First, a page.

- The Washington Times - Monday, May 14, 2001

D.C. executive combines business consultancy with community ideals

Charito Kruvant has her gaze fixed on the day when doing right and doing business are one and the same.

But for now, she is settling for for-profit international consulting, an embryonic industry that makes money barely from the type of community-building activities that Mrs. Kruvant undertakes for free around Washington.

"If you're looking at the revenue side, this is not the business to be in," she says cheerfully from her office in Friendship Heights.

D.C.-based Creative Associates International, of which Mrs. Kruvant is president and chief executive officer, specializes in institution-building in countries ravaged by civil war and economic distress. Creative currently manages $200 million in contracts, almost exclusively with the U.S. Agency for International Development, and has field offices in nine countries, mostly in Africa and Latin America.

Mrs. Kruvant also works with organizations such as the Greater Washington Board of Trade, D.C. Public Schools and the Potomac Conference, a group of business and community leaders.

Invigorated largely through the activism of individual members like herself, these groups set their sights on a nearer objective: how to turn the Washington area into a region where a lasting prosperity is shared broadly.

"Here I do the work for free," she says in a interview with The Washington Times. "But the techniques are pretty much the same."

Displaying her knack for fusing community activism with professional interests, Mrs. Kruvant hosted a meeting May 4 at the International Trade Center dealing with how the federal government awards contracts, and how to get in on the action. It included small businesses, city economic development officials and local activist groups.

This dual role seems to sit well with Mrs. Kruvant, 55, a native of Bolivia who came to the United States to attend college in 1966. Her high cheekbones and almost Asian features belie her indigenous heritage. She speaks the language of business in addition to her native Spanish and a smattering of French but always preaches the gospel of diversity and inclusiveness.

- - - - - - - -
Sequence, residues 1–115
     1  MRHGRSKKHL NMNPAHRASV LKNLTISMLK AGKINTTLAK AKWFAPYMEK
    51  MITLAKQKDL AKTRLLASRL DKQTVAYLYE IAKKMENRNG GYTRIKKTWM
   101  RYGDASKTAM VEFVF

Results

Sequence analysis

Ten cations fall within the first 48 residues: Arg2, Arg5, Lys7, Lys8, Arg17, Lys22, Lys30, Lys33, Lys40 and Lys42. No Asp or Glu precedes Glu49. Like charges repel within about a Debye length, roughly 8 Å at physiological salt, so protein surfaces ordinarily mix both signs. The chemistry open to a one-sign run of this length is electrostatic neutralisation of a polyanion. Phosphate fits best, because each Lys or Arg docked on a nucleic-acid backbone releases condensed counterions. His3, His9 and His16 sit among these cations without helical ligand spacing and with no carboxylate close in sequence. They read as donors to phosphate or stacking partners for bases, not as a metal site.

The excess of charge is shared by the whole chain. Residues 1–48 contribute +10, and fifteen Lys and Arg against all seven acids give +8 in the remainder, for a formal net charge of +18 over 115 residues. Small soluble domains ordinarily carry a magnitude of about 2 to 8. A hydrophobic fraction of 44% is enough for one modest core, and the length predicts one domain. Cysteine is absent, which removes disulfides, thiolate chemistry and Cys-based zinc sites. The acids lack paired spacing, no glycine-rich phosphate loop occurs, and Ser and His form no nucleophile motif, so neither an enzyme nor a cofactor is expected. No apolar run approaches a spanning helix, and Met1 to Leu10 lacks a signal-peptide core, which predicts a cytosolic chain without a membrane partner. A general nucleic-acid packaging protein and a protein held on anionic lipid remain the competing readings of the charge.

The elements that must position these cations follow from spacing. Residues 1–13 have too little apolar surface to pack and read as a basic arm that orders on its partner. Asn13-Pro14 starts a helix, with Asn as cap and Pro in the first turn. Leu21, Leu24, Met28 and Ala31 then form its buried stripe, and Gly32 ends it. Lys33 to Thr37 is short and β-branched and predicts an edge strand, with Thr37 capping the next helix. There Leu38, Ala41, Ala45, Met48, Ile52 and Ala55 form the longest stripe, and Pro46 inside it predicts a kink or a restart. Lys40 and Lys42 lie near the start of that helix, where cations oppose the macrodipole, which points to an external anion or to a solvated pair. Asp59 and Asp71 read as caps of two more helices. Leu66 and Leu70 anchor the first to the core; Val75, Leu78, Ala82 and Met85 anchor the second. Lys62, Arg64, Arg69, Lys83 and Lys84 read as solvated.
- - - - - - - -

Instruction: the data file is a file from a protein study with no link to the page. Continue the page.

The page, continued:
A gentle elbow

Far from engendering resentment, Mrs. Kruvant's work has won widespread approval from her peers.

"She's very soft-spoken," says Dave Rutstein, of counsel at the Venable law firm in the District, and last year's chairman of the Greater Washington Board of Trade. "But anyone who knows her will listen carefully."

Julie Rogers, president of the Eugene & Agnes E. Meyer Foundation, recalls a November meeting at George Mason University of the Potomac Conference at which Mrs. Kruvant lived up to her reputation as a gentle elbow in the ribs to area business leaders.

Trying to drive home her point about the need to understand the diversity of the Washington area, Mrs. Kruvant asked members of her audience to cover their ears. She continued speaking, effectively excluding all but one person in the room: I. King Jordan, the president of Gallaudet University, who, like his students, is deaf, but had an interpreter with him.

The normally chatty corporate titans got the point.

"You could hear a pin drop, which is rare in those meetings," says Ms. Rogers, who has known Mrs. Kruvant for 10 years.

Partly as a consequence of Mrs. Kruvant's work, the conference's Potomac Index, which measures community progress on a range of issues, includes sections on income distribution and Internet access. The information shows that broad-based prosperity in Northern Virginia has not spilled over into the District.

Mrs. Kruvant says she has tried to focus on projects that have the potential to break out of old stereotypes. One, put together last year when she served on the Board of Trade, links up large businesses in the outlying suburbs with companies, usually black-owned, in the District.

"It allows us to cross boundaries of race and class," she says.

Creative Associates International traverses the types of boundaries one sees on a map of the world. The realities of running a business have also given what Mrs. Kruvant terms her "lofty idealism" of community service in Washington a dose of reality.

Nurturing democracy

The core of its business is using federal government money to nurture societies where democratic and market institutions are fragile. In Lebanon, for example, Creative administered money from the U.S. Agency for International Development (USAID) to rebuild its economy after the country's prolonged civil war and to promote citizen involvement in key decisions.

Mrs. Kruvant's work has brought Creative into the wake created by several recent world conflicts tinged with domestic U.S. politics.